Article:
28 Jul Love Your ENEMY?
For those of us living in the metropolitan Washington D.C. area, politics is inescapable. It is, quite simply, part of the air we breathe. So over the past two weeks, unless you have been marooned on a desert island (hopefully not) or been on a self-imposed media fast (perhaps not a bad idea), you are aware that the two major political parties have held conventions to officially nominate their presidential candidates. The Republicans met first in Cleveland and the Democrats took their turn in Philadelphia.
On occasion my life feels so chaotic, stressful or out of control that I become rather desperate to find some little something I can control. Last week that meant I did ten loads of laundry in a 48-hour period. I can’t do one thing about the people close to me whose bodies are ravaged with disease or who are in the depths of grief after losing loved ones, but by golly, my whole household can have clean sheets and underwear! I know, I know, it’s pathetic.
This morning I was cleaning out my briefcase in another lame attempt to beat back the “watery chaos” (Genesis 1) that threatens to pull me under, and in doing so, I discovered a forgotten gem: a small picture of Mahatma Gandhi that I’d clipped out of a magazine years ago. Underneath his picture, are these words:
Seven Deadly Social Sins
Politics without principle
Wealth without work
Commerce without morality
Pleasure without conscience
Education without character
Science without humanity
Worship without sacrifice
Wow. Concise, compelling truth, that is. And it is truth that we need to hear again and again but never more so than during this election cycle.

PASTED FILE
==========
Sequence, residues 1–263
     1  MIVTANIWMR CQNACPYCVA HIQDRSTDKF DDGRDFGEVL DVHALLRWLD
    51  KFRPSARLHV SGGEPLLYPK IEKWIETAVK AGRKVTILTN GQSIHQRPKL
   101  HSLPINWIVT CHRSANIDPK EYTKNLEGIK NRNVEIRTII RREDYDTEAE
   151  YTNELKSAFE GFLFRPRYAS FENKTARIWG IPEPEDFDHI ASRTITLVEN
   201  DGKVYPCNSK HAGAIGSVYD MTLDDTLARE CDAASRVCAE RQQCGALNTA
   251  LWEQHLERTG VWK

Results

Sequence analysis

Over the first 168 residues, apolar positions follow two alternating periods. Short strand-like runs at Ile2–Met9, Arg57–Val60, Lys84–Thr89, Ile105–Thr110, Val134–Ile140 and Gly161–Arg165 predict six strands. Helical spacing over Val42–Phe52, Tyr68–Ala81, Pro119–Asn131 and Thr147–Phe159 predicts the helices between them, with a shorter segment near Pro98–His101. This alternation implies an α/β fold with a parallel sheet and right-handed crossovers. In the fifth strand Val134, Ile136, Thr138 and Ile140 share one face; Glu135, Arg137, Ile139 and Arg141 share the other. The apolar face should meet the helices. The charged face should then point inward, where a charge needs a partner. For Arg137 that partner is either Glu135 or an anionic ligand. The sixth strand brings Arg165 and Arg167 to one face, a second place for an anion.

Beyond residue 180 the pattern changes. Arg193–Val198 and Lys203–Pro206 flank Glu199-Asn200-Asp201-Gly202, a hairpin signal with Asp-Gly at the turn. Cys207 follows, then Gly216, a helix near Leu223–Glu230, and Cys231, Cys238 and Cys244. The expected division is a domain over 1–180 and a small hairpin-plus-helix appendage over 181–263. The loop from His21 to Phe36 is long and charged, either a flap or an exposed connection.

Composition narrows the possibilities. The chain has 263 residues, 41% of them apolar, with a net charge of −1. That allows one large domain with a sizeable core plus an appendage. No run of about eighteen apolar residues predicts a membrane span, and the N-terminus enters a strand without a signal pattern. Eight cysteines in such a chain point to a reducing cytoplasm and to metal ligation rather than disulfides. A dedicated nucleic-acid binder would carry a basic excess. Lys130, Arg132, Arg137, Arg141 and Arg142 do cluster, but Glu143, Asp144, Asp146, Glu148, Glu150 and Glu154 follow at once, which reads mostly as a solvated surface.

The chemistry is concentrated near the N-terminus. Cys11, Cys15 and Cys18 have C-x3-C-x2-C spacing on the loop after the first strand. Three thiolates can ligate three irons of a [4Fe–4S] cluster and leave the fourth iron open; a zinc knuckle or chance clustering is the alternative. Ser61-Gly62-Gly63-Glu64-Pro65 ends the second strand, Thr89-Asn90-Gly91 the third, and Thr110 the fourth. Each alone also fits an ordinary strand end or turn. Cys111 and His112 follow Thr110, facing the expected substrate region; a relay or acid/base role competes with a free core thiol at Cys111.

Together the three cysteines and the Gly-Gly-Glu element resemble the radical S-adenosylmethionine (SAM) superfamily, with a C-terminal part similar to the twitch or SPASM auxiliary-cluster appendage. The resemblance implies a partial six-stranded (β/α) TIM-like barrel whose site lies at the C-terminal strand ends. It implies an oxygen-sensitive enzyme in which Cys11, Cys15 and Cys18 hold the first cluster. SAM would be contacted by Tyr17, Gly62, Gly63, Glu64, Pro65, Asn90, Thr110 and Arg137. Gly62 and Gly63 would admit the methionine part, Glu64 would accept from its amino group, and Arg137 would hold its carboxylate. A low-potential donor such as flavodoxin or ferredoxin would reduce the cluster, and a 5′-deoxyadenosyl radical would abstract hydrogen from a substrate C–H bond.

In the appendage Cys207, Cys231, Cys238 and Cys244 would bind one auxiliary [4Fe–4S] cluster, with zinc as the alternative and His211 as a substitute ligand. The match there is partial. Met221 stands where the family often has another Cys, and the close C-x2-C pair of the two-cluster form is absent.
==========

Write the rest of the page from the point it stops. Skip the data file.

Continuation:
It is easy sport to complain about our current political process—the grotesque, unconscionable amount of money that is spent by both parties, the dalliance on all sides in “spin” and distorted or partial truth, the unwillingness of elected officials to put aside partisanship in order to work for the common good. It’s easy sport, but it’s not profitable. Whining, however accurate our assessments may be, doesn’t change anything, and change is what is desperately needed. But, we’re looking in all the wrong places for it, friends. Neither the Republicans nor the Democrats can fix what is most wrong with us—that is work that has to be done in the human heart, starting with you and me.
Rather than complain about all that is wrong, my time and energy would be better spent reflecting on my attitudes, conduct and speech in light of Gandhi’s deadly social sins and Jesus’ call to love my neighbor and even to love my enemy—and then to honestly address those areas where I don’t measure up. Frankly, it’s a lot less painful to just stick with the complaining and whining, but then I’d just continue to be part of the problem rather than part of the solution. Astoundingly, Jesus thinks enough of us to challenge us to the latter.
My “re-discovery” this morning leaves me with a lot to think about. But at least my briefcase is orderly.
Yours for the Kingdom,